Fear, deceit, racism, illegalities and foreign interference contributed to Britain’s Brexit vote to leave the European Union. The referendum outcome resulted from a giant con trick, a democratic absurdity which should never have been taken seriously.
In November 1774, Edmund Burke explained to the electors of Bristol that as their representative in parliament, he was not going to Westminster merely to follow instructions but rather, to use his mind to make decisions in voters’ best interests.
Prime Minister Theresa May has never understood the wisdom of Burke. Instead, she repeats ad nauseam that she is following instructions, that she respects ‘the will of the people’, which she says is an example of democracy at work. But a peoples’ will fuelled by fear, deceit and racism should have given the British government reason to reinterpret the referendum. In the last throes of two years of pointless debate, British MP’s at last seem to be doing that, in effect acknowledging what Edmund Burke tried to tell them 250 years ago.
In the run up to the 2016 referendum, the Brexit, anti-Europe campaigners, aided by the British tabloid newspapers painted an image of the EU as an ogre to be feared. Fear was stoked by headlines which warned that Britain would be ‘swamped by strangers’ and that the EU planned to merge the UK with France.
Boris Johnson became the chief liar. Emblazoned on the side of his red campaign bus was the forecast that exit from Europe would result in 350 million pounds per week being returned to the National Health Service. Johnson also claimed that Britain could not be democratic if the country remained as a member of the EU, even though, in ninety five per cent of cases, the British government had voted for laws passed by the EU.
Nigel Farage became the chief racist. Infamous for posing in front of a picture showing queues of non-white migrants invading Britain, he refused to repudiate descriptions of such people as cockroaches. A Farage supporter appeared on British television saying that these people were ferals who did not understand English culture. Pamphlets suggesting that EU members from Turkey, Iraq and Syria would be entitled to enter Britain became part of the Farage Brexit ammunition even though these countries were not EU members. Iraq and Syria had not even applied.
Arch Conservative Brexit supporter Jacob Rees-Mogg became the the anti-Establishment clown and fake. This Eton schoolboy ally of Boris Johnson argued that the EU represented the Establishment whereas he was fighting for the interests of ordinary people. Rees-Mogg ‘s special deceit was to attribute to his opponents the interests which he represented. This is a suited gentleman who wants Britain to rediscover the glory days of Empire, is a supporter of fox hunting, is against abortion of any kind and once presented a petition to the Daily Express demanding that overseas aid should be abolished.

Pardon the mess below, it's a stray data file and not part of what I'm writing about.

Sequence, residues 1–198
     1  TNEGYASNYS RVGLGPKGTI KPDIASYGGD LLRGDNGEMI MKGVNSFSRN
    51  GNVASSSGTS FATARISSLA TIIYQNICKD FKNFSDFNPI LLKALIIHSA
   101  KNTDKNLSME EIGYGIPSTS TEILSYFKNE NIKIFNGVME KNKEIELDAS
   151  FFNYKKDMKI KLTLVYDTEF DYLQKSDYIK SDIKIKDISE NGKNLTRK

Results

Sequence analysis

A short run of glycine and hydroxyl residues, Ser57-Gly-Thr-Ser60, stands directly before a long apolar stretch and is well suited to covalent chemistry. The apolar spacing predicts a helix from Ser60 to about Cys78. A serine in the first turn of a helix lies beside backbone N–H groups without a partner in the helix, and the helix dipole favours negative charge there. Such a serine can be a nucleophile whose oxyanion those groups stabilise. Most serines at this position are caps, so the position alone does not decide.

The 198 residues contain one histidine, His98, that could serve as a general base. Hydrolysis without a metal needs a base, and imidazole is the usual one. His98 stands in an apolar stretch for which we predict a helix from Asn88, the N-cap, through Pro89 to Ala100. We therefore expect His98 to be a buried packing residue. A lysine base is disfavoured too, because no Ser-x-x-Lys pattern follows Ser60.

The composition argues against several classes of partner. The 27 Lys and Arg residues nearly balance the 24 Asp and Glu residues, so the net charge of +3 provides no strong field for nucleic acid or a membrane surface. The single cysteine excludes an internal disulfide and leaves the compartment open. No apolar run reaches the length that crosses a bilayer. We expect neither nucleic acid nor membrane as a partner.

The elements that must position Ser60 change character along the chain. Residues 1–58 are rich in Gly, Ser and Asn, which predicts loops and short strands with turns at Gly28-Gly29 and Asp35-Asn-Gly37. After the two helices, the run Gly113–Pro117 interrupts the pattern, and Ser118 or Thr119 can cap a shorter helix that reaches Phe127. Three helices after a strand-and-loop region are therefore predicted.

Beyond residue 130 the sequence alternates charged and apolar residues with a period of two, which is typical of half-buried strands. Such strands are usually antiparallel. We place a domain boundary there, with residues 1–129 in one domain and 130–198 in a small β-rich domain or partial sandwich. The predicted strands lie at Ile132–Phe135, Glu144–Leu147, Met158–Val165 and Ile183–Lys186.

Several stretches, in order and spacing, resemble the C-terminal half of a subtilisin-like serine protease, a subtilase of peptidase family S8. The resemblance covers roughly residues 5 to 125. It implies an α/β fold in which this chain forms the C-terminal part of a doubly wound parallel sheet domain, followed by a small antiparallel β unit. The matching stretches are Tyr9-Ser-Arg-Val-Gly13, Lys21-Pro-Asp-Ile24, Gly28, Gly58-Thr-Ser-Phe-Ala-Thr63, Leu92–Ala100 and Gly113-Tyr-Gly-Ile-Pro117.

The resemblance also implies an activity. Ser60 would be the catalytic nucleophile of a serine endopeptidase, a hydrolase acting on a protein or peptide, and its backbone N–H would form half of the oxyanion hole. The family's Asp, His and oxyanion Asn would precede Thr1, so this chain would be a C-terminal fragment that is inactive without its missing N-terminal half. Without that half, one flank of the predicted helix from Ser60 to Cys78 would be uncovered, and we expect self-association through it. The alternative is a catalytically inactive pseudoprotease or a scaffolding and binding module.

In common with US President Donald Trump, the Russian dictator Vladimir Putin is keen on eroding the influence of a human rights based Europe. To that end the evidence shows Putin, and Trump, as enthusiastic supporters of Brexit – the Leave campaign. The English multimillionaire business man Aaron Banks, an associate if not a close ally of Putin’s, gave a huge donation to that campaign.
On Saturday March 23, 2019, an estimated one million people marched in London to demand a people’s vote, a second referendum. Speakers at the rally said that Brexiteers’ use of fear, deceit, racism and reliance on foreign interference showed the outcome of the 2016 referendum to be a democratic absurdity which should not be defined as the will of the people.
The London marchers and speakers abused Theresa May as an obstinate, inflexible mediocre, unimaginative leader. They were also honouring Edmund Burke’s advice about the best ways to represent constituents’ interests and thereby ensure the wise operation of a parliamentary democracy.
Stuart Rees OAM, is Professor Emeritus at the University of Sydney and recipient of the Jerusalem (Al Quds) Peace Prizewinner